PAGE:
, Volume 21, Issue 2, pp 341-354

Induction of a tomato anionic peroxidase gene (tap1) by wounding in transgenic tobacco and activation of tap1/GUS and tap2/GUS chimeric gene fusions in transgenic tobacco by wounding and pathogen attack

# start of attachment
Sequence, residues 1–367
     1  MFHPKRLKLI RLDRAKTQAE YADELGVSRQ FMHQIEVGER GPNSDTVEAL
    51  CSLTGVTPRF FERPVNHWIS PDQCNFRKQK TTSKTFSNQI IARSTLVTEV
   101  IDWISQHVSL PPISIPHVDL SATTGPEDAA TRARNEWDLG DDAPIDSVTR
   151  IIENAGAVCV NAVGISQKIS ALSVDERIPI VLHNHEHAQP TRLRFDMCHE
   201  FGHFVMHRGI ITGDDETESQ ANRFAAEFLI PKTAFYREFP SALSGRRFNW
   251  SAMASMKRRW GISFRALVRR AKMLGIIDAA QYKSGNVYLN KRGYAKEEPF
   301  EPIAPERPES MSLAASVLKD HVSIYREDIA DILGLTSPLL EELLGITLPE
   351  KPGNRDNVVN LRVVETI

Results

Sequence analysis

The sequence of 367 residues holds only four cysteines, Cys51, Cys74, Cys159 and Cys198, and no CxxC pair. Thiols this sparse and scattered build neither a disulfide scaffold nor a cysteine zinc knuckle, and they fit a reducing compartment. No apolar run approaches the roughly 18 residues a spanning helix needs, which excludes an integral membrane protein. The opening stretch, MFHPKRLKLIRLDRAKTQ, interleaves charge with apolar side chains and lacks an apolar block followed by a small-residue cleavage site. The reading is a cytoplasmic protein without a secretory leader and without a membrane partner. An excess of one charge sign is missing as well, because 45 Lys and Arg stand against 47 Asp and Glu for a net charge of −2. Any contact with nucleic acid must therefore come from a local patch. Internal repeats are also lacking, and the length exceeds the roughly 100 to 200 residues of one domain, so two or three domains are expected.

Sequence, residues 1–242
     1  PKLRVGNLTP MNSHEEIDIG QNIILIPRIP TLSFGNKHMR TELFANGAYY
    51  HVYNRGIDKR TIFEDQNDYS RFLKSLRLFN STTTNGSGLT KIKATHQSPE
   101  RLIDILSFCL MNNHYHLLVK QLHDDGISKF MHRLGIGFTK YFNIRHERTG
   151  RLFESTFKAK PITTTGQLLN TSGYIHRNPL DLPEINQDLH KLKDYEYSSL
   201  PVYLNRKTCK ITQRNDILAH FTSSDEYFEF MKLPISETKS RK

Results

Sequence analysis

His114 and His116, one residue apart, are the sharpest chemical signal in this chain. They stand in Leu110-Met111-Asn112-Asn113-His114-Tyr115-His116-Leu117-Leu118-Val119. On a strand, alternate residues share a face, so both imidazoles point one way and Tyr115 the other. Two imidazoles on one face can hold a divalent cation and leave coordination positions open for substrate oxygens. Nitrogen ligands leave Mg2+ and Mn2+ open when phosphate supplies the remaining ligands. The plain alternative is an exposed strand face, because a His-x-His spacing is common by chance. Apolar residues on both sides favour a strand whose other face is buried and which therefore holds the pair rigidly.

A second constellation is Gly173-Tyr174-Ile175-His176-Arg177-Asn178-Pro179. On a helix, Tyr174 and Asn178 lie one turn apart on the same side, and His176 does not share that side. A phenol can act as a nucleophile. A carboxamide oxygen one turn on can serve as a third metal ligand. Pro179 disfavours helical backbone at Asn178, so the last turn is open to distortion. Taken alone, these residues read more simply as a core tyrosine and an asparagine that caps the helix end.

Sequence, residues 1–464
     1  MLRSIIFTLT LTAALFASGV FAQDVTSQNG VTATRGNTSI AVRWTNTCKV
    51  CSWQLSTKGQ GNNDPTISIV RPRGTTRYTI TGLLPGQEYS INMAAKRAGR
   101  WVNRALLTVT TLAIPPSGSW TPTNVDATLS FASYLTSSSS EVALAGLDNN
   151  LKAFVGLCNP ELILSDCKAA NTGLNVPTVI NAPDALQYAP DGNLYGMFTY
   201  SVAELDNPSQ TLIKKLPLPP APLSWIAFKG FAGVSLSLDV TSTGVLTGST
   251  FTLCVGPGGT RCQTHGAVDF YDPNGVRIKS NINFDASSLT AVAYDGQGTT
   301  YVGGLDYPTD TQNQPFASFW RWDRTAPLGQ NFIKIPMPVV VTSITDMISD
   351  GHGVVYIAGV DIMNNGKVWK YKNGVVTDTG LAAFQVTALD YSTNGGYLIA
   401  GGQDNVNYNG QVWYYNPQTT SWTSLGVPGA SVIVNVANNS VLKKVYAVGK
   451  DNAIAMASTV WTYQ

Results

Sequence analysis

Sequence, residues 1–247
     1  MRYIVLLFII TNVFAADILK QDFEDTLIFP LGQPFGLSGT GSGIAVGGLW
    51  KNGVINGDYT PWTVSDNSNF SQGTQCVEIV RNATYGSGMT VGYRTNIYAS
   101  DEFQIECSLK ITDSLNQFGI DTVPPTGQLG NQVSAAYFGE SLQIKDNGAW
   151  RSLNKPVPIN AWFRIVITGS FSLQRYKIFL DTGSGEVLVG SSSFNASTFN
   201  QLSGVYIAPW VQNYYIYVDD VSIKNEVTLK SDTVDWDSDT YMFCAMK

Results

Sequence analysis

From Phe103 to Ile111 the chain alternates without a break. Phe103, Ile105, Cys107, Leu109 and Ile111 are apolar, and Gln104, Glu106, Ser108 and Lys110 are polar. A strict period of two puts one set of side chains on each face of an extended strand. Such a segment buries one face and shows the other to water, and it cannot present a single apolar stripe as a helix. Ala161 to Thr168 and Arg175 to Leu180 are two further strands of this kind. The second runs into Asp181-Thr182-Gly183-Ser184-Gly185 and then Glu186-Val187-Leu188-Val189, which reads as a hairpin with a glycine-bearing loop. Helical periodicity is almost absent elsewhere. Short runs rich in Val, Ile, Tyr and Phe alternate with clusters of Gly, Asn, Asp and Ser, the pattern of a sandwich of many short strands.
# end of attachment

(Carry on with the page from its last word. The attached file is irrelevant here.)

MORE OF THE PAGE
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The anionic peroxidase genes of tomato, tap1 and tap2, are induced by wounding in tomato fruits and by elicitor treatment in cell suspension cultures. These homologous genes code for anionic peroxidases that are postulated to cause polymerization of the phenolic residues into wall polymers in wound-healing and pathogen-infected tissues. An expression construct containing the entire TAP1 gene with its 5′ and 3′ flanking sequences was introduced into tobacco by Agrobacterium tumefaciens-mediated gene transfer. Also, constructs containing the 5′ upstream regions of tap1 and tap2 including sequences coding for their respective putative leader peptides fused translationally to the β-glucuronidase (GUS) reporter gene were made and introduced into tobacco. Northern blot analysis of transcripts from wound-healing leaf tissues of transformants containing tap1 showed that the introduced gene was being transcribed in the heterologous host. The induction of tap1 transcripts in the wound-healing transgenic tobacco tissues was observed by 48 h and increased over time period of 84 h. Wounding also led to expression of GUS in tap1/GUS and tap2/GUS transformants and GUS activity was localized to the wound site. Activation of the tap1 and tap2 promoters in wound-healing transgenic tobacco tissues showed a GUS expression profile that correlated with the postulated role for anionic peroxidases in phenolic polymerization in suberizing tissues. Inoculation of tap1/GUS and tap2/GUS transformant leaves with fungal conidia from Fusarium solani f. sp. pisi caused expression of GUS in locally inoculated regions, and GUS expression increased over a period of four days.